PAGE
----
Kinesiology of Exercise

Reverse WristCurl (Wrist Extension/Hyperextension)

Because wrist flexion is so important in sports and bodybuilding, the extensor muscles are usually ignored. However, the extensors play an important role in maintaining the correct muscle balance at the wrist. In addition, you need well developed wrist extensors to
hold your hand in position while you do many activities with your hand and fingers with accuracy. To develop the wrist extensors/hyperextensors, you should do the reverse wrist curl.

Major Muscles and Actions Involved

The extensor carpi radialis longus and brevis and the extensor carpi ulnaris are involved in wrist joint extension-hyperextension. In this action the back of your hand moves toward your forearm from a wrist flexed position.

Sports Uses

The action of wrist joint extension and the muscles involved are most important in the racquet sports when you hit backhand shots. In addition, strong wrist extensors are important for precise movements when you execute wrist and finger flexion. It is important to understand that the main finger extensors are also assistant wrist extensors. If these muscles are weak, you will have difficulty holding your hand in position when doing precise movements with a ball or using other objects such as a baseball bat or golf club.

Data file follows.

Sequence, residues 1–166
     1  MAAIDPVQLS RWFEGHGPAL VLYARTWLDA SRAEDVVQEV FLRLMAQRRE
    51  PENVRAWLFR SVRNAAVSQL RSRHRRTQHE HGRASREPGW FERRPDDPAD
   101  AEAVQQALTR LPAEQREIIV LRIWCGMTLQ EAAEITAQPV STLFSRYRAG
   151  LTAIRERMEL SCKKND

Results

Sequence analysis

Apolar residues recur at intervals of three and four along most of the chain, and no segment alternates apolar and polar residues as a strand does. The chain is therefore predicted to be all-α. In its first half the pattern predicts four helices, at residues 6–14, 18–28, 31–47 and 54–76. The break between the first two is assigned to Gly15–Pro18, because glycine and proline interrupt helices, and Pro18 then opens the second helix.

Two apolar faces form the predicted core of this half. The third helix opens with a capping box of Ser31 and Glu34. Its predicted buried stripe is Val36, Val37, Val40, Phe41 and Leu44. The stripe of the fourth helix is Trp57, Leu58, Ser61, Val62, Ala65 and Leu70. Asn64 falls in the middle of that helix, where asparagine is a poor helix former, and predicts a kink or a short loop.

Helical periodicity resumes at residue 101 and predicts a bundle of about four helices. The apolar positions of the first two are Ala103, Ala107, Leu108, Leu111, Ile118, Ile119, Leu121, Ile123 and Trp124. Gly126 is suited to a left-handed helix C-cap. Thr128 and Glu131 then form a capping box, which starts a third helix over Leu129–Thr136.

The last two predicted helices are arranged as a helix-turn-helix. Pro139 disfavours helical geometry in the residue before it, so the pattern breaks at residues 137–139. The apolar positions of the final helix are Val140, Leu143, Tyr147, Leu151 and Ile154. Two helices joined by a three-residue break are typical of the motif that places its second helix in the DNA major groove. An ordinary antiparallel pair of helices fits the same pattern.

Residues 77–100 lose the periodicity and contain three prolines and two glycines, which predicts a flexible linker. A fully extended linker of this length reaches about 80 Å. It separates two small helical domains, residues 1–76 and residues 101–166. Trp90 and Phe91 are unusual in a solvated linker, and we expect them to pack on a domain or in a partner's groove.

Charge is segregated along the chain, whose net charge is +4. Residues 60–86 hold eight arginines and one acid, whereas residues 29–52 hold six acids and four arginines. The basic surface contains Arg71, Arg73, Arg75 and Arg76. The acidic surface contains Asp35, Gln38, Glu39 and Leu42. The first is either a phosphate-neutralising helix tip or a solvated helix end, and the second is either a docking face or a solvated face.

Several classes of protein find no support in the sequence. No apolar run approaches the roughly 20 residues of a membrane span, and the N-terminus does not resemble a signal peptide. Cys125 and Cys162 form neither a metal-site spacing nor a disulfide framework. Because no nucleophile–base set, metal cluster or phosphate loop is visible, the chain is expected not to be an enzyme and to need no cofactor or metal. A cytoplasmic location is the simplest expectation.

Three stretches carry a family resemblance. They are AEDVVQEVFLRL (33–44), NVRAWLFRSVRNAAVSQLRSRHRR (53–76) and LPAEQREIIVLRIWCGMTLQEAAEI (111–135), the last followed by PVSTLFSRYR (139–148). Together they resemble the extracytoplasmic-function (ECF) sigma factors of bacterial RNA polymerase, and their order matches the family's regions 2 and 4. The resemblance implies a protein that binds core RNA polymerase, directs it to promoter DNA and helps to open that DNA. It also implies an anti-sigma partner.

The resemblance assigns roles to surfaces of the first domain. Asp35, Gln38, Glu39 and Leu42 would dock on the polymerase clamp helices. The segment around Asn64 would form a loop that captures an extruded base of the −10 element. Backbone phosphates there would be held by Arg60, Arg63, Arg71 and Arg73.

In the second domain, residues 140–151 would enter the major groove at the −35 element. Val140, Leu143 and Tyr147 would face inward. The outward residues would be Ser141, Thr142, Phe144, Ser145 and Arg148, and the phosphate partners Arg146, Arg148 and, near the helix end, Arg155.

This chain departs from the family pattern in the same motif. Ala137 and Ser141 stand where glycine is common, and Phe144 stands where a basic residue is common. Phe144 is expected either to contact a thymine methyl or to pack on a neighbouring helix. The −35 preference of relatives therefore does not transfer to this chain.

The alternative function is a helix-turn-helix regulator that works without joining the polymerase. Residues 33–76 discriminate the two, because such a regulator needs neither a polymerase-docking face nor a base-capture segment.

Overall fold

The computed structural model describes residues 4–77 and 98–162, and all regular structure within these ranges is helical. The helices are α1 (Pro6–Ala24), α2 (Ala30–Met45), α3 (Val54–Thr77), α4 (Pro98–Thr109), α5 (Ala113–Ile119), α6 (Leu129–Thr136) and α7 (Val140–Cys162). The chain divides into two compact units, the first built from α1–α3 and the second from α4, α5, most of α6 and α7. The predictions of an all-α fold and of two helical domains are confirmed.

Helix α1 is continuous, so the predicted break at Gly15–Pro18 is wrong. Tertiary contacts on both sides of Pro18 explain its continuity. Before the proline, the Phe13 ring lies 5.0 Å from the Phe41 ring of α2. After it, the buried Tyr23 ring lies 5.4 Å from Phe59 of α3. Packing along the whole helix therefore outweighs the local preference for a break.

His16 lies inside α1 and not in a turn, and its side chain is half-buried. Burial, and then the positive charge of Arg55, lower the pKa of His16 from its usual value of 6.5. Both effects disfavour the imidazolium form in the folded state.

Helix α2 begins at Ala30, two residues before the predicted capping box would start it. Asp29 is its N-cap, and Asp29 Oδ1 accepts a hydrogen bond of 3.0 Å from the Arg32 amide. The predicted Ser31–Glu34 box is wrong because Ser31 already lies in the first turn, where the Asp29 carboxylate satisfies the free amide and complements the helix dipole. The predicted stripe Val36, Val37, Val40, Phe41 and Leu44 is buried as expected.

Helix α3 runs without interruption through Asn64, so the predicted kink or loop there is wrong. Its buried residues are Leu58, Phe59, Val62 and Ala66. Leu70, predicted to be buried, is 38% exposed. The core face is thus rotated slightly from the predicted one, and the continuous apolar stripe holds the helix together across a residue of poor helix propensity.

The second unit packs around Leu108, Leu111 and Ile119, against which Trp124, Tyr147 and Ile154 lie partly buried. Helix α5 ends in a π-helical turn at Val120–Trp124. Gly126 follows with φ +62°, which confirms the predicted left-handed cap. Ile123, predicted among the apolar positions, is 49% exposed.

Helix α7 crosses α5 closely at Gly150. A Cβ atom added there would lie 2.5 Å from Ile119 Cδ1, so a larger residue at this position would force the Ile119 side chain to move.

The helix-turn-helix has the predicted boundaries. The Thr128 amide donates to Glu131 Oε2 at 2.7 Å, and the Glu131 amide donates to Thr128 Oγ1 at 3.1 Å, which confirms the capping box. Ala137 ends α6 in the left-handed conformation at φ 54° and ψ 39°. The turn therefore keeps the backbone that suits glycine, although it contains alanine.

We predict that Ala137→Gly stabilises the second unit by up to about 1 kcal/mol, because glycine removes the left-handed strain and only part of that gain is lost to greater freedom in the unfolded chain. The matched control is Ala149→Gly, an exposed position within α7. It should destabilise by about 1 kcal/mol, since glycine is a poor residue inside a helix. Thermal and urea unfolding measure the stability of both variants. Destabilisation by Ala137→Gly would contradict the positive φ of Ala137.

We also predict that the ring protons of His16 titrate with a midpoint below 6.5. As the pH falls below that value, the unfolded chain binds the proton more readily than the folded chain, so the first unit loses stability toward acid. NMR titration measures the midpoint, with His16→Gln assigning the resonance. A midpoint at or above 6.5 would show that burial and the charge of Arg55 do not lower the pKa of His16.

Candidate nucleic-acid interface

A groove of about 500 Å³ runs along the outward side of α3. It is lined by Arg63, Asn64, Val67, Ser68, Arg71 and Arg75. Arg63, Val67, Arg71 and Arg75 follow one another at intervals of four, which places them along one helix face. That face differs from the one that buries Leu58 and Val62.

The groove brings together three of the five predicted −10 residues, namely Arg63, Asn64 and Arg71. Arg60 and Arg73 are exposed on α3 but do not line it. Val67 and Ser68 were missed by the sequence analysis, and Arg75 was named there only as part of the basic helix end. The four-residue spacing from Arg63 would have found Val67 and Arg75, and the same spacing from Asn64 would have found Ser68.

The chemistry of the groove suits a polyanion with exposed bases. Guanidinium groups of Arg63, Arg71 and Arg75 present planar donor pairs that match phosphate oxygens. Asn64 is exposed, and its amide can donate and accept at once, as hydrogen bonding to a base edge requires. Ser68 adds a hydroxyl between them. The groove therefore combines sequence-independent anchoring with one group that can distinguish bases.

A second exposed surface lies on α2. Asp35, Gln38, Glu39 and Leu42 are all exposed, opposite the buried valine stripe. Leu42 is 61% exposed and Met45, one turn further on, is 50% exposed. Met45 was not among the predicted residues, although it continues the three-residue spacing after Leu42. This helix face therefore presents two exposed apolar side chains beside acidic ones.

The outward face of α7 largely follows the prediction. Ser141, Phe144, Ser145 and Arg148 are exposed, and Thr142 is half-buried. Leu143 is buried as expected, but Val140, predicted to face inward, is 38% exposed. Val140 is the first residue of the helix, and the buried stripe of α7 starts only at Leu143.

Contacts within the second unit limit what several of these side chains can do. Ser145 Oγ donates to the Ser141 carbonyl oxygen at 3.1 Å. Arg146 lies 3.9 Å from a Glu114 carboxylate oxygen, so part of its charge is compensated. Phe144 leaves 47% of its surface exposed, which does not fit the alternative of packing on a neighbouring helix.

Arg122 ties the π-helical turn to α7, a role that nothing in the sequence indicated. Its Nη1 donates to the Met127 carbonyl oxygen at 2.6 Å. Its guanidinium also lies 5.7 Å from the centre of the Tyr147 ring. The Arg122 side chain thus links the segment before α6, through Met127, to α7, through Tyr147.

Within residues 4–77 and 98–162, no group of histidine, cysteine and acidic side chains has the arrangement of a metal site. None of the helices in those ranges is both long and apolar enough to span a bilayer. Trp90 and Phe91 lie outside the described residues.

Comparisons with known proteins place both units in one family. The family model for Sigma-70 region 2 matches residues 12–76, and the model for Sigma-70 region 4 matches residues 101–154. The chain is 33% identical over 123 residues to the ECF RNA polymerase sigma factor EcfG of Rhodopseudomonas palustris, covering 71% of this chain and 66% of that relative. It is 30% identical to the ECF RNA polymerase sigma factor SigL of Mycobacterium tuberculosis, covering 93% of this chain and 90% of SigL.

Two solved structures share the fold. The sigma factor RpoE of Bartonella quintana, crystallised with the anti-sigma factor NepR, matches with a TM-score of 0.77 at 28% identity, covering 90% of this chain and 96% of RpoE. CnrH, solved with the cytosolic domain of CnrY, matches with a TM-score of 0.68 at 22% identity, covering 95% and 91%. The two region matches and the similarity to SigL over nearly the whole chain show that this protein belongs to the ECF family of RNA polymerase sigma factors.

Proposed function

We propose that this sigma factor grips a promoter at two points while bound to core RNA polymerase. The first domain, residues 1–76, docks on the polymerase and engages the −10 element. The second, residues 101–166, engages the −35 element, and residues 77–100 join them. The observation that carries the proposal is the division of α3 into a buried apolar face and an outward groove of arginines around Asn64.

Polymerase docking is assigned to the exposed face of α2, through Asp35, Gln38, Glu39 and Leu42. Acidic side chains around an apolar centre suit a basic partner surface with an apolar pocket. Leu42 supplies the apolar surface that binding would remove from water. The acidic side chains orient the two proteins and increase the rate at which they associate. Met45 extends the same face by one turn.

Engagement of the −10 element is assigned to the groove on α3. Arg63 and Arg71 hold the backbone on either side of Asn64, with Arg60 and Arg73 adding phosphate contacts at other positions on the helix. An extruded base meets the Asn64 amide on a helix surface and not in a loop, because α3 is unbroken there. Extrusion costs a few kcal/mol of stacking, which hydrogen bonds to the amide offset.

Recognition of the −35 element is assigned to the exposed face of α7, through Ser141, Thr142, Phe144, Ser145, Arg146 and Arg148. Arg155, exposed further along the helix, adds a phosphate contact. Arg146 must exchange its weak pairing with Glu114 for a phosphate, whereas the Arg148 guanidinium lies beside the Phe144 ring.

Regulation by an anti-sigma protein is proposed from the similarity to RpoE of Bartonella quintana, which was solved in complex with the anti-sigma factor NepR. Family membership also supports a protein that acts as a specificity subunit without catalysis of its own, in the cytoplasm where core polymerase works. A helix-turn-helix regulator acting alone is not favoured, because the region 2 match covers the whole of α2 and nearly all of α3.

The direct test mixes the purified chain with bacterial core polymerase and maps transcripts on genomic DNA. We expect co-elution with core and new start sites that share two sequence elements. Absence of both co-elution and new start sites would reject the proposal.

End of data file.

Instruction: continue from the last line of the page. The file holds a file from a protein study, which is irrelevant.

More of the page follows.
Exercise Analysis

  • To be most effective, you should perform reverse wrist curls through a full range of motion. This means that you must move your hands through approximately 100-150 degrees of motion. The exact amount will depend upon your flexibility and the amount of weight you are using. However, if you find that you are moving your hands through only about 45 degrees, then you are probably using too much weight or have too tight a grip.
  • Keep in mind that the heavier the weight, the stronger you must grip it. Because the main finger muscles are located in the forearm, the tendons that cross the wrist become taut when you lift the weight and do not allow any wrist action. Therefore, use a relaxed grip (as much as possible) while raising and lowering the weights. If you have long fingers or large hands and have difficulty doing the exercise, you should use a two-inch bar.
  • The extensor carpi radialis longus and brevis and the extensor carpi ulnaris cross both the wrist and elbow joints and have an action at each end. Thus, in order to get a maximal contraction at the wrist, you must keep your elbows firmly stabilized. To do this, hold the elbows firmly in place on the bench.
  • In order to elicit a stronger contraction of the muscles involved, you should stretch and tense them prior to their contraction. You accomplish this at the wrist when you lower the weights maximally to get full flexion. However, do not hold the down position as the muscles will then begin to relax.
  • To stretch and tense the muscles at the elbow, you should keep your arms flexed at a 90-degree (or less) angle in the elbow joints. This is most easily done if you "lean over" your arms with your upper body during execution. This position also prevents you from involving elbow joint extension (by raising your elbows off the bench) to make it easier to raise the weights. 
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